THE IMPACT OF OUTSOURCING DECISION ON MATERIAL AVAILABILITY (A CASE STUDY OF SEVEN UP BOTTLING COMPANY)
1.1 BACKGROUND OF THE STUDY
Material availability and input reliability shape productivity, especially in developing coun-tries. For some resources like water, storage devices can be used to manage unreliable services (Baisa et al. 2010). However, electricity requires that agents respond in other ways, as power is prohibitively expensive to store. A common response to sustained power supply issues is for .rms to invest directly in technology in order to generate electricity on site, or .self generation..1 By crowding out other investment opportunities, blackouts reduce pro- ductivity (Reinikka and Svensson 2002).2 In contrast to the literature, this paper examines how the onset of blackouts aÂ¤ect productivity in an immense and rapidly-growing economy, namely China. Using enterprise-level panel data, we study how .rms respond to blackouts and estimate the resulting lost productivity and environmental eÂ¤ects.
In the early 2000s, industrial customers in nearly every province in China experienced blackouts associated with resource scarcity (IEA 2006).3 Despite Sorts to build new power plants at a rapid rate, double-digit economic growth has led to a tight market. Furthermore, retail electricity remains under price-cap regulation with limited price response to shortages.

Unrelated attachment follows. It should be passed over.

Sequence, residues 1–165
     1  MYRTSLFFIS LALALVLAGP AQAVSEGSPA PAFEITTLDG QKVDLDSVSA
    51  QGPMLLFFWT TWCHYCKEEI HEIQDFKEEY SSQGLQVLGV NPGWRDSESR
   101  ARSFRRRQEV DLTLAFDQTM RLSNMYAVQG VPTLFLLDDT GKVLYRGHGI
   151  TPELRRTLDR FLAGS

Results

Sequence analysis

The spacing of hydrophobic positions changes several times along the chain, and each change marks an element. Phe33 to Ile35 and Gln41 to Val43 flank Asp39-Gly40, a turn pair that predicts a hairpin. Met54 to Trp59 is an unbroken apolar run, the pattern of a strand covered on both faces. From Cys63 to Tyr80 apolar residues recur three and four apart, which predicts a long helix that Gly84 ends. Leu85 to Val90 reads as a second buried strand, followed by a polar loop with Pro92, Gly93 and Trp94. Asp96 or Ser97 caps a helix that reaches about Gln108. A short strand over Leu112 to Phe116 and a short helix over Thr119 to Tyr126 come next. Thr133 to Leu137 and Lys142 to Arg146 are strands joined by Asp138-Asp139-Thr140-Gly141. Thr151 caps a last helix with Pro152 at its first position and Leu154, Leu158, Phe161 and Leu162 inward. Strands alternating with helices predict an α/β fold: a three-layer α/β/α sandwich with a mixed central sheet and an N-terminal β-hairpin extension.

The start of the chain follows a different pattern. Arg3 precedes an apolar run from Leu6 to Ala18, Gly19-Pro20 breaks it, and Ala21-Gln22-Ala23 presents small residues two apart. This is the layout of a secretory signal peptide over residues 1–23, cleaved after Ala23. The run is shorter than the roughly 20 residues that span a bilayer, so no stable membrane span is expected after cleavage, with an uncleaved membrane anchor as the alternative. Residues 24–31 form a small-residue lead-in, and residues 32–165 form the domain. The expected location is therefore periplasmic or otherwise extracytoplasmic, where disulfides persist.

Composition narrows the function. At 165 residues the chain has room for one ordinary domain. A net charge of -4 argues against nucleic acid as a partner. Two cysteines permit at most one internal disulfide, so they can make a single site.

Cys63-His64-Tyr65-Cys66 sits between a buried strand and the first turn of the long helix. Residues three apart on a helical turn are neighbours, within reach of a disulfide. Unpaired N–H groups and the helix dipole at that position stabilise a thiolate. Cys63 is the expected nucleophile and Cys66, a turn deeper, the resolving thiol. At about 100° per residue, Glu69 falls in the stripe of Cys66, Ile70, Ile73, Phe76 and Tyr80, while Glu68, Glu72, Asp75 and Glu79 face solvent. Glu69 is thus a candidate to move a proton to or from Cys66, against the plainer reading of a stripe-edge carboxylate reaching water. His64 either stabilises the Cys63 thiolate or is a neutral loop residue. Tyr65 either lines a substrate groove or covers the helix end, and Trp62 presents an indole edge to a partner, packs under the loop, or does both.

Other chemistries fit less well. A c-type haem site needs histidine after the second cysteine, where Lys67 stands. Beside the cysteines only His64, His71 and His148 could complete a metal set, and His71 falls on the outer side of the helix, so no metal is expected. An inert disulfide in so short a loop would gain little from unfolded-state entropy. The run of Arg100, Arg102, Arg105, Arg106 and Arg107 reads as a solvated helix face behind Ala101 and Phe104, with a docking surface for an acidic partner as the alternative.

Finally, residential and commercial electricity consumers were given priority over industrial customers. While historic in the magnitude of blackouts, this remains a major concern for China. As recently as the summer of 2011, China faced substantial power shortages.
Although outsourcing is still at its developing stage in Nigeria, it has benefited many companies (Orji, 2002) as well as created jobs opportunities for many Nigerians as well. Firms outsourcing part of their production process and services are benefiting from increased efficiency and profits.
The decision to outsource comes with numerous responsibilities and considerations by the company willing to outsource. The need to improve and speedup the production process of a firm may lead to a firm deciding to contract or outsource some of its production process to another firm or vendor to handle. The issue of wastages in developing countries including Nigeria has been a major issue. The in-ability of companies to effectively manage their outsourcing process is alarming.
Having identified non-core activities, Domberger (1998) emphasises the importance of developing a â€œframework of analysis which provides a structured, systematic approach to contracting decisions and outsourcing strategiesâ€ (p.9).
Farney et al. (2004) and Gay and Essinger (2000) describe the importance of formal procurement procedures in creating a global vision for outsourcing and selecting outsourcing providers.
However, even when organisations set out to carefully evaluate an outsourcing opportunity, making accurate comparisons of internal processes relative to external providers can be extremely difficult (Hayward & McDonagh, 2000).